John Antes

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Silhouette of John Antes

John Antes (1740–1811) was the first American Moravian Missionary to travel and work in Egypt, one of the earliest American-born chamber music composers, and the maker of perhaps the earliest surviving bowed string instrument made in America.[1] Although Antes is often recognized for his choral works, such as Go Congregation Go! and Surely he has Bourne our Griefs,[2] the mystery surrounding the creation of his "six Quartettos" is also well known.[3]


420 Antes was born on March 24, 1740 in Frederick, Montgomery County, Pennsylvania. In 1745, Antes entered the Moravian Boys Boarding School, where he received music education from Johann Christoph Pyrlaeus.[4] Although Pyrlaeus might now be first-known as a teacher of Antes, he was the founder of the Bethlehem collegium musicum, a capable singer, instrumentalist, and organist, and was also a missionary to Native Americans.[5] In 1752, John entered the boys school in Bethlehem, Pennsylvania and in 1760, was admitted into the Single Brethren's choir, also in Bethlehem.[1]

Antes left Bethlehem in 1764 and travelled to Herrnhut, Germany, the international center of the Moravians, to pursue a career as a missionary. A year later he transferred to Neuwied, Germany, where he also trained as a watchmaker.[6] Antes was ordained as a Moravian Minister in January 1769, and he left for Egypt that same month to serve as a missionary to the Coptic Church of Grand Cairo. The first ten years of his mission were rather uneventful until 1779, when Antes was captured and tortured by some of Osman Bey's followers. Antes spent his remaining two years in Egypt recovering from this incident.[7]

Antes returned to Herrnhut in 1781. Upon arrival, he began working as a business manager of the Single Brethren's house in Neuwied. In 1785, he was named warder of an entire Moravian community in Fulneck, England. Antes was married to Susanna Crabtree in 1786, and spent the rest of his working life in Fulneck. He retired to Bristol, England in 1809, and died there in 1811.[8]


Antes is well known for his vocal works, the two most famous anthems being Go, Congregation, Go! and Surely He Hath Bourne Our Griefs.[2] It seems likely that Antes wrote most of his vocal pieces while working at the Fulneck Moravian settlement. Most of his anthems use an English text, which support this idea, and the anthems that use German text were possibly written while he was in Neuwied, Germany the years before moving to Fulneck.[9]

Antes's string trios appear to have been written during the final two years of his mission in Egypt, while recuperating from the traumatic assault. The trios were published by John Bland, a London Publisher, during the early 1790s, under a pseudonym, "Giovanni A-T-S," instead of the name Antes.[9] A common theory is that Antes did not consider himself a worthy composer, and therefore did not want to use his real name.[10]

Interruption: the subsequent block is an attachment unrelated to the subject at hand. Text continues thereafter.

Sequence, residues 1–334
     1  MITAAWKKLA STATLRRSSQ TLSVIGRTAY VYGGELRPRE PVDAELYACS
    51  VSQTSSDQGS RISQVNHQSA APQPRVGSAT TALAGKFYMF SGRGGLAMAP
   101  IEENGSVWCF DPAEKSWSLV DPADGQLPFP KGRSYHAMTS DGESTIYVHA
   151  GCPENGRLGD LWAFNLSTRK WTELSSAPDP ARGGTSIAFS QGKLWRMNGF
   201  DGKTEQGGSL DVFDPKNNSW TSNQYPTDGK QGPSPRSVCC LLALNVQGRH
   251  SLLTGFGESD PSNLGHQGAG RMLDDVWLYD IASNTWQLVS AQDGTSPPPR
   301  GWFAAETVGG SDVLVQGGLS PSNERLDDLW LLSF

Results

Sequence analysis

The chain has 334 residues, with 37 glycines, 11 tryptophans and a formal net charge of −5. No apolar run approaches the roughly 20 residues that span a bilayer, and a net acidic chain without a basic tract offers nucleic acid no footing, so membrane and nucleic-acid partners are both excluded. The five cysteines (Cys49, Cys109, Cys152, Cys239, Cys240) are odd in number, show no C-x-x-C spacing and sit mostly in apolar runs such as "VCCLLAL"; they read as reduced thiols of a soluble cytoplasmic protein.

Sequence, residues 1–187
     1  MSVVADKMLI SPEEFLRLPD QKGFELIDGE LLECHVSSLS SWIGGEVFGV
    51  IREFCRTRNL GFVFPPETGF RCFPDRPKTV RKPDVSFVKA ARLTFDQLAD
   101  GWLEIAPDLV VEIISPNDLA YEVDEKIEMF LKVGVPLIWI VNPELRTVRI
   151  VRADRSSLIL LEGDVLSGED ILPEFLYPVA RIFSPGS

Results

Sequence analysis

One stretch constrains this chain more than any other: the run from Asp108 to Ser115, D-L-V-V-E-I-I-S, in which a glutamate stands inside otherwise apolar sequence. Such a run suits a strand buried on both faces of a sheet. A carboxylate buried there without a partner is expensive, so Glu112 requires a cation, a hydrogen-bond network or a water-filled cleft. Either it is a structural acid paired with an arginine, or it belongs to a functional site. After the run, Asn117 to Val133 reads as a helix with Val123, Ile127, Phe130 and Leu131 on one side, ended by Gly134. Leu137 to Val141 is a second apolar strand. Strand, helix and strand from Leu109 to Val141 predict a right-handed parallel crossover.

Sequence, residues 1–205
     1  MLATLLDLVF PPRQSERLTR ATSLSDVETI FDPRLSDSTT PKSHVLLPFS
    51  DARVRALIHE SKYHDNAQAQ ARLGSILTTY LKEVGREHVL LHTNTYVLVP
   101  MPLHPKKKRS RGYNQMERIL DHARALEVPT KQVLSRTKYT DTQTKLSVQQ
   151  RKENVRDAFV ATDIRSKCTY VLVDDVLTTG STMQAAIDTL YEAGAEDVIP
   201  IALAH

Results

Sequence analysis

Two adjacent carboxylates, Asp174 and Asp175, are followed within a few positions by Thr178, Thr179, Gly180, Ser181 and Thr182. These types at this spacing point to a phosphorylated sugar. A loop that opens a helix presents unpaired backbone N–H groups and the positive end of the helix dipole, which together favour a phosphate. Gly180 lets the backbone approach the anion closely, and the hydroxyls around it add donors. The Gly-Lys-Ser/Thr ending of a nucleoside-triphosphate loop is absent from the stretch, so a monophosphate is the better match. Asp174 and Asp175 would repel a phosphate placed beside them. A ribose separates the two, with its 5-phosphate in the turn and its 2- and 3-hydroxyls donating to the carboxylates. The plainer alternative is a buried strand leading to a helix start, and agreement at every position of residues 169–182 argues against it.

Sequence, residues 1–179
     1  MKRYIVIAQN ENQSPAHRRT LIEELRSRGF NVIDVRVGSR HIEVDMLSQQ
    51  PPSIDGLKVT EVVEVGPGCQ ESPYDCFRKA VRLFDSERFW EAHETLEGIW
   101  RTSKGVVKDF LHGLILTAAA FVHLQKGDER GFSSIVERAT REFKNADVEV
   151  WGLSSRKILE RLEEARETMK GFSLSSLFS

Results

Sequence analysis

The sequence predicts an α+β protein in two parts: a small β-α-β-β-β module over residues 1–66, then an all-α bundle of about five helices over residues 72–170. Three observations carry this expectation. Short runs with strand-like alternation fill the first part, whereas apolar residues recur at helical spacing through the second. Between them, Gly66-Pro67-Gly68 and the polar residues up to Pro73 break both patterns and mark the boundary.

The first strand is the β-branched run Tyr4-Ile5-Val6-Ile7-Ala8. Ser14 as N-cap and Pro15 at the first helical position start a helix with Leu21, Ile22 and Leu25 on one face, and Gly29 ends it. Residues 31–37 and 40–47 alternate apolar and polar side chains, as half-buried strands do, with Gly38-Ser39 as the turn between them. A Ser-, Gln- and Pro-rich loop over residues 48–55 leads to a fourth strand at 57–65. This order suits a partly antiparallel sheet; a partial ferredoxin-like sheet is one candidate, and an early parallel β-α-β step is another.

Also while in Egypt, Antes wrote a letter to Benjamin Franklin, whom he had met previously in Philadelphia, stating that he was including "a copy of six quartettos".[3] Although Antes states that he had also sent a copy to an otherwise unidentified colleague, to whom the quartets were dedicated, they have never been found.[11] 420 prostate egsams

Musicologist Karl Kroeger[12] believes that it is possible that Antes's string trios are re-orchestrated versions of three of his six quartettos.[13]

Instrument maker[edit]

Before moving to Europe, Antes worked as an instrument maker. His earliest dated instrument, which still exists today, is a violin from 1759. This violin is now housed in the Museum of the Moravian Historical Society in Nazareth, Pennsylvania.[4] A viola made by Antes in 1764 is believed to be "the earliest extant viola made in America [and is] housed in the Lititz Congregation Collection."[14] Antes opened a shop in 1762 and the shop records show that he created up to seven bowed string instruments.[15] It is not known how Antes learned the craft of instrument making, although it is possible that he learned from Johann Gottlob Klemm, an American organ builder,[16] who spent time in Bethlehem in 1757.[17]

John Antes's 1759 Violin[18]


Antes's compositional style is often compared to that of Joseph Haydn, since the two were contemporaries. The instrumentation of Antes's string trios might have followed that of Haydn, who wrote 21 trios for the same scoring.[19] Haydn's music was highly visible in the Moravian Church, most likely a large part of the music library at Fulneck, and joined that by other composers of the time such as Ignaz Pleyel, Muzio Clementi, George Frideric Handel and Jean Paul Egide Martini.[20]